Of particular interest is what Statement no. 115 does not change. A form of gains trading--a practice of selling above market assets at gains reported in the income statement and retaining "underwater" assets on the balance sheet at cost--is still possible. For example, the full difference between fair value and amortized cost is recorded as a realized gain in the income statement when securities classified as available-for-sale are sold. Thus, it is possible for selected unrealized gains to be reversed out of the separate component of shareholders' equity and reported in earnings when the related available-for-sale securities are sold.
A second key issue, ostensibly outside Statement no. 115's scope, is the accounting for loans. While the lower of cost or market method remains in effect for loans held for sale, it's not clear if the new, more restrictive requirement of a positive intent to hold to maturity will apply to loans held for investment.
Statement no. 115 is a response to genuine concern about the relevance of current financial reporting for marketable securities. Although the new standard may lack conceptual purity, it does restrict entities' ability to overstate assets and manage reported earnings.
Significant problems remain to be ironed out before some or all liabilities can be reported at fair value. Without fair value reporting for liabilities and off-balance-sheet obligations, broader application of an assets-only approach could compromise the value of financial reporting. Only time will tell whether Statement no. 115 will be an effective solution to the market value accounting dilemma. Since it's also probably not the final solution, stay tuned for "Back to the Future II."
* THE FINANCIAL ACCOUNTING Standards Board issued Statement no. 115, Accounting for Certain Investments in Debt and Equity Securities, to address concerns about how entities account for financial instruments.
* BECAUSE THE CURRENT accounting model was designed in simpler times, many have questioned the relevance of current financial reporting for marketable securities. Market value accounting is believed by some to be the best way to move this model into the future.
* STATEMENT NO. 115 APPLIES to all investments in debt securities and to equity securities with readily determinable fair values. It supersedes FASB Statement no. 12, Accounting for Marketable Securities. Statement no. 115 classifies securities into three categories: held to maturity, trading and available for sale.
* THE EFFECTIVE DATE for Statement no. 115 is for financial statements issued for fiscal years beginning after December 15, 1993. Earlier application is permitted but may not be applied retroactively.
* SIGNIFICANT PROBLEMS remain to be resolved before liabilities and off-balance-sheet financial instruments can be reported at fair value. Few expect Statement no. 115 to be the final word on market value accounting.
FASB Statement no. 115-accounting for transfers among the three categories of investments
Transfers among the three categories are accounted for as sales and repurchases at fair value. The loss at the transfer date is accounted for as follows:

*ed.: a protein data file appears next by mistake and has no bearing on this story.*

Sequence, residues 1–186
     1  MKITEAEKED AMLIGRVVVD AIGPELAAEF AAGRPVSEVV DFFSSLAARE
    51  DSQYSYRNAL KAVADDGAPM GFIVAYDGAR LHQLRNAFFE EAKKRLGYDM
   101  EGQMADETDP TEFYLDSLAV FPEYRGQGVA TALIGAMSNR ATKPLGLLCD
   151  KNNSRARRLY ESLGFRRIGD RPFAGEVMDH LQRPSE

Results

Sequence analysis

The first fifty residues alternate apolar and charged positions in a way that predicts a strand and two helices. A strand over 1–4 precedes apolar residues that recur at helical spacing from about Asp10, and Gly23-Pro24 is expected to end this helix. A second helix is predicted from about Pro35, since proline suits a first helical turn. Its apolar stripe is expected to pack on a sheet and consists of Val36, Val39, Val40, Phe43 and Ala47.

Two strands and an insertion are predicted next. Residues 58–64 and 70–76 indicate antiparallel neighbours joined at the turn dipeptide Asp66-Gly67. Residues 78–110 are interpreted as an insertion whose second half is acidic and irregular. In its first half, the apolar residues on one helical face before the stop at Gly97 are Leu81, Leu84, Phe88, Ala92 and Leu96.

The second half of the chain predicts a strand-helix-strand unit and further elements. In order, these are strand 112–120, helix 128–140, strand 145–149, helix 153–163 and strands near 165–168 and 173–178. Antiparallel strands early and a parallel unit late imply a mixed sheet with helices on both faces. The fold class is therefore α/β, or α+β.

* Transfers from trading.
There is no reversal of an unrealized gain or loss that is already recognized in earnings.
* Transfers into trading.
Any unrealized gain or loss is recognized in earnings immediately.
* Transfers from hold to maturity to available for sale.
Any unrealized gain or loss is recognized immediately as a separate
component of shareholders' equity.
* Transfers from available for sale to held to maturity.
The unrealized gain or loss already reflected in a separate component of
shareholders' equity at the date of transfer
is not reclassified but is amortized over the remaining life of the security as a yield adjustme
method of amortizing any related premium or discount.
FASB Statement no. 115-disclosure requirements
Balances. For securities classified as available for sale or held to maturity, disclosure is made (as of each balance sheet date and for each major security type) of
* Aggregate fair value.
* Gross unrealized holding gains.
* Gross unrealized holding losses.
* Amortized cost basis.
Maturities. As of the date of the most recent financial statement presented, information must be disclosed about contractual maturities. Financial institutions must disclose separately for securities classified as available for sale and those classified as held to maturity the fair value and amortized cost based on at least four maturity groupings:
* Within 1 year.
* After 1 year through 5 years.
* After 5 years through 10 years.
* Over 10 years.
Securities not due at a single date (such as mortgage-backed securities) may be disclosed separately rather than allocated among several groupings. If they are allocated, however, the basis of allocation must be disclosed.
For each period an income statement is presented, the following disclosures are made:
* Proceeds from sale of available-for-sale securities and the gross
realized gains and losses on those sales.
* The cost basis (specific identification, average cost, etc.) used in
computing realized gains and losses.
* Gross pains and losses included in earnings resulting from transfers
from available for sale to trading.
* The change during the period in net unrealized holding gain or
loss on available-for-sale securities included in shareholders' equity.
* The change during the period in net unrealized holding gain or
loss on trading securities included in earnings.
* For any held-to-maturity securities sold (or transferred to another
category), the security's amortized cost, the resulting realized or
unrealized gain or loss and the circumstances leading to the decision
to sell or transfer are disclosed.
JAMES T. PARKS, CPA, is vice-president for financial standards and corporate taxes at the Federal National Mortgage Association in Washington, D.C. He is a member of the American Institute of CPAs accounting standards executive committee and of the Washington, D.C., chapter of the Financial Executives Institute.
Mr. Parks is an employee of the Federal National Mortgage Association. The views expressed in this article do not necessarily reflect those of Fannie Mae.
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|Author:||Parks, James T.|
|Publication:||Journal of Accountancy|
|Date:||Sep 1, 1993|